The newer of the two submersibles is the REV Ocean-owned Aurelia, which went by intensive sea trials off the coast of Barcelona this summer season and is now licensed as the world’s most superior craft of her variety, says Nekton in the assertion.

The Omega Seamaster 2 will be used to explore up to 500 meters below the surface.

The Omega Seamaster 2 shall be used to discover up to 500 meters beneath the floor.


The second submersible, the Omega Seamaster 2, is the identical model used on a Nekton mission to the Seychelles in 2019, the place marine explorers “found dozens of new species and mapped the waters off the coast which were previously uncharted below 30 meters.”

The Aurelia will function at depths of up to 1,000 meters, whereas the Omega Seamaster 2 shall be used to discover the first 500 meters beneath the floor.

As for what’s going to happen on the 35-day mission, marine biologists, information scientists and movie producers will accumulate species samples, perform intensive mapping operations and video the state of the corals round the Maldives.

Oxford University, which is collaborating in the mission, says scientists may even examine how ocean life tailored to historic rising sea ranges brought on by ice soften from the final Ice Age and discover the “largely unknown and unprotected deep corals and reefs of the Rariphotic Zone, which act as a refuge to animals from shallower waters.”

They may even “investigate the relative abundance of the 40 shark and 18 ray species at the apex of the food chain in the Maldives ocean, which act as a critical indicator of ocean health,” it stated in an announcement.

Among the deliberate mapping operations is a survey of a subsea mountain in the Northern Indian Ocean.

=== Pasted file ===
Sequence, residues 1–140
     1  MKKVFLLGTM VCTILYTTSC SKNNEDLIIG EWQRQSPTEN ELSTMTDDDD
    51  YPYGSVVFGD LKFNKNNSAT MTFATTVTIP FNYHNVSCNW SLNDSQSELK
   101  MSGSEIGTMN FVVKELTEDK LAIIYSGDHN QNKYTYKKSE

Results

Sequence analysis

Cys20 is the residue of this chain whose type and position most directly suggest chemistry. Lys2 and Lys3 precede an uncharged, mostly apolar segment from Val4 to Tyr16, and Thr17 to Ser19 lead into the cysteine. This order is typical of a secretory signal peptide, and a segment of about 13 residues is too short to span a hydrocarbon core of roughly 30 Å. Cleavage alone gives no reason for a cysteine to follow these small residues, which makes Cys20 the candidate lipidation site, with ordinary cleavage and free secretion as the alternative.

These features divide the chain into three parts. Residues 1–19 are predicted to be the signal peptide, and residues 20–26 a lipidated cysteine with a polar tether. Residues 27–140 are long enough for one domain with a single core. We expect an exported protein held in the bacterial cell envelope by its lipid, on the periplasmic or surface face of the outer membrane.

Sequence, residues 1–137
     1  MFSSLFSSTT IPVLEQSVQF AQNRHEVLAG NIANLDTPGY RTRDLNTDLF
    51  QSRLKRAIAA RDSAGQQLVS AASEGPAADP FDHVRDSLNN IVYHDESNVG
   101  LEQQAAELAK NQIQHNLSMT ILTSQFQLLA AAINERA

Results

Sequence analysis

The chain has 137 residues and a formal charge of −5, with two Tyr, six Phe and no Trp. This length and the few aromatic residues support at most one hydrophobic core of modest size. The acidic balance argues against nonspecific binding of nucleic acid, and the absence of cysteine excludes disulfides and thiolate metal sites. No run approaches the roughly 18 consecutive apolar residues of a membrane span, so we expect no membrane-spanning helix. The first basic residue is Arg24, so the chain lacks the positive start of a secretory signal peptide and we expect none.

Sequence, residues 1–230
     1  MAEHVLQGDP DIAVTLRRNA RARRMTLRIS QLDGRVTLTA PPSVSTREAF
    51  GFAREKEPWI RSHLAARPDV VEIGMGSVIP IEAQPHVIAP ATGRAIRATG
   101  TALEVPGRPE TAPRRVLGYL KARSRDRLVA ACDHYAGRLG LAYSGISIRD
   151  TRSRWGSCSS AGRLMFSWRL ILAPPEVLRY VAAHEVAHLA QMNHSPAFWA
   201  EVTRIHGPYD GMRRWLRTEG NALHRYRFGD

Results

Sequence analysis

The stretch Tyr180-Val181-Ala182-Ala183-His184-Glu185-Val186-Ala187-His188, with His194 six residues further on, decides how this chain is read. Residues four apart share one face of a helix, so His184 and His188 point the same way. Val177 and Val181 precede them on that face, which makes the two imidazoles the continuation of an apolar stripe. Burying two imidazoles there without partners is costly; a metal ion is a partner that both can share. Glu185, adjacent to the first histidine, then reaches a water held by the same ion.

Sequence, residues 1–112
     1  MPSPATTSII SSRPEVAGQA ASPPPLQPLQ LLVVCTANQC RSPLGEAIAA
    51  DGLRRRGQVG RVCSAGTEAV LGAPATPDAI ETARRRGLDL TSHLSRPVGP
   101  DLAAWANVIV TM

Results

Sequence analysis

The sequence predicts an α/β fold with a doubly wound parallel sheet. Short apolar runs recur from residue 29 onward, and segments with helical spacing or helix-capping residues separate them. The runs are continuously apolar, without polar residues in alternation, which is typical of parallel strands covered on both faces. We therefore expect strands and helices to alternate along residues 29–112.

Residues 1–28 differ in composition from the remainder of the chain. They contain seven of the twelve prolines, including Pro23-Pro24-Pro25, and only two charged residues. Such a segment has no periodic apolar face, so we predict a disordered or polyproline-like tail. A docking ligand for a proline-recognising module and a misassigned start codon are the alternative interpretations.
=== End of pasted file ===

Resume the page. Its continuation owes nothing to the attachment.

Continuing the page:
According to Nekton, all samples and information collected will stay the property of the Maldives — “a departure from some Western-led science expeditions of the past.”

Supporting sustainable tourism improvement

So what does all of this have to do with tourism in the Maldives?

The nation is made up of 26 atolls stuffed with over 1,000 islands occupied by dozens of resorts, all unfold out over 90,000 sq. kilometers. According to the World Bank, the Maldives acquired over 1.3 million vacationers in 2021 — about 80% of 2019 ranges. Tourism makes up round 28% of its GDP.

Documenting the state of the nation’s waters can help sustainable tourism improvement, says a Nekton briefing on the mission: “The health of the reefs is fundamental to the two largest sectors of the Maldivian economy, tourism and fisheries. Apart from the economic benefit its coral reefs provide, they are the first line of defense against waves and storms, which are becoming more frequent and intense.”

Protecting the animal species that reside there may be additionally very important, because it “results in a healthier ocean, supporting sustainable fisheries and a growth in tourism,” says the mission briefing, which notes that manta ray tourism alone generates an estimated US$15 million yearly in income.